Business and Economics

First Nation Applied Economics Certificate

The First Nation Applied Economics Certificate provides foundational knowledge and skills to assist in the development of First Nation economic infrastructure, in particular the development of residential and commercial enterprises.

The program will be of interest to people in First Nation economic development roles; those doing business with First Nations; and local, provincial or federal government employees involved with First Nation development.

Learning outcomes

Upon completion of this program, students are able to:

  1. Apply basic microeconomic and macroeconomics principles to problems in First Nation economic development.
  2. Discuss issues in First Nation economics as they related to market failure and poverty.
  3. Design and execute a successful residential and commercial property development plan.
  4. Promote and facilitate investment activity on First Nations lands by reducing the high transaction costs associated with private and public investment.
  5. Conduct an economic feasibility and impact analysis of a development project on First Nation lands.
  6. Prepare and present reports relating to investment proposals.

Learning options

The First Nation Applied Economic Certificate is a joint initiative of the Tulo Centre of Indigenous Economics, the First Nations Tax Commission and Thompson Rivers University (TRU).

The certificate is a blended program with three of six courses taken at TRU’s campus in Kamloops, BC. These courses are offered as one-week intensive seminars and are led by an experienced Tulo facilitator. Class sizes are small and students benefit greatly from extensive interaction with their instructor and other students who share the common goal of promoting social and economic development on First Nation lands.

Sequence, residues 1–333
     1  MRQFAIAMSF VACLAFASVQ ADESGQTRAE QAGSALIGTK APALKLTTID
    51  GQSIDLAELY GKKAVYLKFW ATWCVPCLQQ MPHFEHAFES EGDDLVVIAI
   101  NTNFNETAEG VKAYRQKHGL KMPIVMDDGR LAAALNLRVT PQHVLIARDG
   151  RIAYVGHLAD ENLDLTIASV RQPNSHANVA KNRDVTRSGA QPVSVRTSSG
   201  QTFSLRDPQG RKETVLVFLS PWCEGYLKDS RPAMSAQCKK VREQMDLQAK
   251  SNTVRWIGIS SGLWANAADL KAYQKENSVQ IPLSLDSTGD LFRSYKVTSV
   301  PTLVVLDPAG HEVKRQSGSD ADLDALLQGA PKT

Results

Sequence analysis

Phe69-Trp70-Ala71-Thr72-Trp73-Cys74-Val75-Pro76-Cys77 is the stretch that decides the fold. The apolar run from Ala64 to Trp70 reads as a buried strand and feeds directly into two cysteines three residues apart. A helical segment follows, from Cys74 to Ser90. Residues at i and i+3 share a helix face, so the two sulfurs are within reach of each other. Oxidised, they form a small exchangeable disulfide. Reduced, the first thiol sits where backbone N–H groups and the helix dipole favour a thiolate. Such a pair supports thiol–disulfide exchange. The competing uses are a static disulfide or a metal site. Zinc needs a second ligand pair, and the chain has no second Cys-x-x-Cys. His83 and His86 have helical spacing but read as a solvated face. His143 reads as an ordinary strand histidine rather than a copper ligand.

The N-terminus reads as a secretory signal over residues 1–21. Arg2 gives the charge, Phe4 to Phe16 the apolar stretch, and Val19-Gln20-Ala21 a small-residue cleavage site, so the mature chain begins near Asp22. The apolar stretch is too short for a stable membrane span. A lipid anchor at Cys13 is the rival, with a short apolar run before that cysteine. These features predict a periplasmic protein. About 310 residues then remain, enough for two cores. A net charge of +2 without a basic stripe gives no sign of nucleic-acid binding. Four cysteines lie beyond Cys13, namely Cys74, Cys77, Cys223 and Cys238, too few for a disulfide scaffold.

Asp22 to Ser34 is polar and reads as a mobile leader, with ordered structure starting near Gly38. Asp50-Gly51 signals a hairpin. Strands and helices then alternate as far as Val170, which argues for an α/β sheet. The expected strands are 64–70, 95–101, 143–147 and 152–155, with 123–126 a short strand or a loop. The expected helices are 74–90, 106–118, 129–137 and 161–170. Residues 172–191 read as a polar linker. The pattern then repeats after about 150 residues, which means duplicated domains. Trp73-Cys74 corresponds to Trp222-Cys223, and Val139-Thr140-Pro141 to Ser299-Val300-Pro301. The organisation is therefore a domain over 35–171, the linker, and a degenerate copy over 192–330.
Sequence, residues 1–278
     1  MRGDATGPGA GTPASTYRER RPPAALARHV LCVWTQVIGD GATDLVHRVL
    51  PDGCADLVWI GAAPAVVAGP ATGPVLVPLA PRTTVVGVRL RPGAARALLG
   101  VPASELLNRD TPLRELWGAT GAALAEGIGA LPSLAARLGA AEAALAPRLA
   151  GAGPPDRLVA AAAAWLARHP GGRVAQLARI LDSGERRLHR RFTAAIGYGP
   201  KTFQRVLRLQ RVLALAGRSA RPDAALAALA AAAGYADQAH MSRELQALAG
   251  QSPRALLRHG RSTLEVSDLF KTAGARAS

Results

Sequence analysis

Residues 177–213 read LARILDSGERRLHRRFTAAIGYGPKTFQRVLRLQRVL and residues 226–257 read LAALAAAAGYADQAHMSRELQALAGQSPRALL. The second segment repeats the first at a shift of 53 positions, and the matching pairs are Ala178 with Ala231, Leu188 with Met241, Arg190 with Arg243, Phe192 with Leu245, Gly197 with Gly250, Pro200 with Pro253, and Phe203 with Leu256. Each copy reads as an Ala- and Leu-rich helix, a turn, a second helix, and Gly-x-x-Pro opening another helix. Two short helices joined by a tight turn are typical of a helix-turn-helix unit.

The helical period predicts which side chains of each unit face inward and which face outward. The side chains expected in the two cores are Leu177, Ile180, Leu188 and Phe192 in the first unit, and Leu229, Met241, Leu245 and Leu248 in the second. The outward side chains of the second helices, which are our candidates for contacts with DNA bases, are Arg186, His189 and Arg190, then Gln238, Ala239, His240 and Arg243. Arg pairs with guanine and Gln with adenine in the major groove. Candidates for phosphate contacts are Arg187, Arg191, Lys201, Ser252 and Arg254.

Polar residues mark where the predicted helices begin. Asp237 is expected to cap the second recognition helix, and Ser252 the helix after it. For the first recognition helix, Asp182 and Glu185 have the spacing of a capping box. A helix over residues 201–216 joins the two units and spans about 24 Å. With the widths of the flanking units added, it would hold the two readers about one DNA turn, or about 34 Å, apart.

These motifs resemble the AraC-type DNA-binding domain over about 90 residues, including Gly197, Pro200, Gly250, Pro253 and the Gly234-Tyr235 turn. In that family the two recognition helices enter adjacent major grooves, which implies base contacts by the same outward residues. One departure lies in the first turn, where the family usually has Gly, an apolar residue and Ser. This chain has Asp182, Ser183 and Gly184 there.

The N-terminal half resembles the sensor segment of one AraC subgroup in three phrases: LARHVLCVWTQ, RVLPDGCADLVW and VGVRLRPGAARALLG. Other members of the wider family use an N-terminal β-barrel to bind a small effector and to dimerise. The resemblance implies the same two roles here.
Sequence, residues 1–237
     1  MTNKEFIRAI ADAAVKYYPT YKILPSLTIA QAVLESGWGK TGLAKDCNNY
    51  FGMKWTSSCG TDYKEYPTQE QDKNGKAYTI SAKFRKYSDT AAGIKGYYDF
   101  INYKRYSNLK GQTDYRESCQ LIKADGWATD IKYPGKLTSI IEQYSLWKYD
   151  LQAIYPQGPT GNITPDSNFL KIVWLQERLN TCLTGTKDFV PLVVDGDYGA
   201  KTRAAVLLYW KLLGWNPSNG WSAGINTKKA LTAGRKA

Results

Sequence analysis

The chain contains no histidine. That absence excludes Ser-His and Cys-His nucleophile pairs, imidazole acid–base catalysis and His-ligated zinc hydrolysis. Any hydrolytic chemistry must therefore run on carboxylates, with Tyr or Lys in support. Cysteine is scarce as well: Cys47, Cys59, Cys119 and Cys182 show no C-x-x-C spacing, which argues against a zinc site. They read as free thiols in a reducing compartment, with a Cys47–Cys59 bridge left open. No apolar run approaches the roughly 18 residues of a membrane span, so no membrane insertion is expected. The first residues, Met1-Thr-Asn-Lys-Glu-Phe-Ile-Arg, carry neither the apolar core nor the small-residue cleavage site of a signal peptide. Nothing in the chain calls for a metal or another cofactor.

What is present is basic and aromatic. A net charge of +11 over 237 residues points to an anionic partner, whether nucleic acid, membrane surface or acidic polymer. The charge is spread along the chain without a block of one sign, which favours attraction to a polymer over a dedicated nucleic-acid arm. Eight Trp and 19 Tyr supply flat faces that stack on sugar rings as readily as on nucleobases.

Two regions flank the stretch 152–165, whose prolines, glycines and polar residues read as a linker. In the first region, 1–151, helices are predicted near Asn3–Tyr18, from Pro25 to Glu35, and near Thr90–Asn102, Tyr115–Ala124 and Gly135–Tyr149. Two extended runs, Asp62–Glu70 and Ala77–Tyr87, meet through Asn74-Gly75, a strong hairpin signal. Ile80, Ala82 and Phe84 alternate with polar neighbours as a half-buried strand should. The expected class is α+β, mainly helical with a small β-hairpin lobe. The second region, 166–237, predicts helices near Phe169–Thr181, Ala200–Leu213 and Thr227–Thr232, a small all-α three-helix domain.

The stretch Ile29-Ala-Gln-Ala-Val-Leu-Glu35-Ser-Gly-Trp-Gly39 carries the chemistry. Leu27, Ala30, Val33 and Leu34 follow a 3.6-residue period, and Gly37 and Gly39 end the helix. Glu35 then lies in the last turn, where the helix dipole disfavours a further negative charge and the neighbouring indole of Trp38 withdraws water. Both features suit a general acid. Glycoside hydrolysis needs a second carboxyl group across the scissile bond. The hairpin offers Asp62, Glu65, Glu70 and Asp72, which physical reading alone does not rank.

The remaining courses do not require the same high level of interaction and are completed through distance education in an independent study, continuous intake format. Students can enrol in these courses at any time with the necessary prerequisites and can complete them over a flexible time frame that suits their family and work commitments. Each course has a tutor who answers students’ questions and marks all assignments and exams. Access to the course materials and contact with the tutor normally occurs through the web and email, so a high speed Internet connection is recommended. If that is not possible, print materials can be provided and communications can take place by phone.

Admission requirements

  • Pre-calculus Mathematics 11 or Foundations of Mathematics 11 with a minimum C+ or equivalent
  • English 12/English 12 First Peoples with a minimum of 73% or equivalent
  • Basic computer literacy with exposure to word processing and spreadsheet software

Students may commence their studies while they upgrade their English mathematics, and and computing skills.

Program content

ECON 1221 Introduction to Basic Economics
ECON 2631 Issues in Aboriginal Economics
ENGL 1101
CMNS 1811
ENGL 1021
Introduction to University Writing or
Business, Professional and Academic Composition or
Composition and Indigenous Literature in Canada
APEC 2640 Residential and Commercial Development on First Nations Lands
APEC 2650 Investment Facilitation on First Nations Lands
APEC 2700 Economic Feasibility and Impact Analysis on First Nations Lands

Note: ECON 1221, ECON 2631, and the English requirement are taken through distance education while the remaining courses are completed on campus.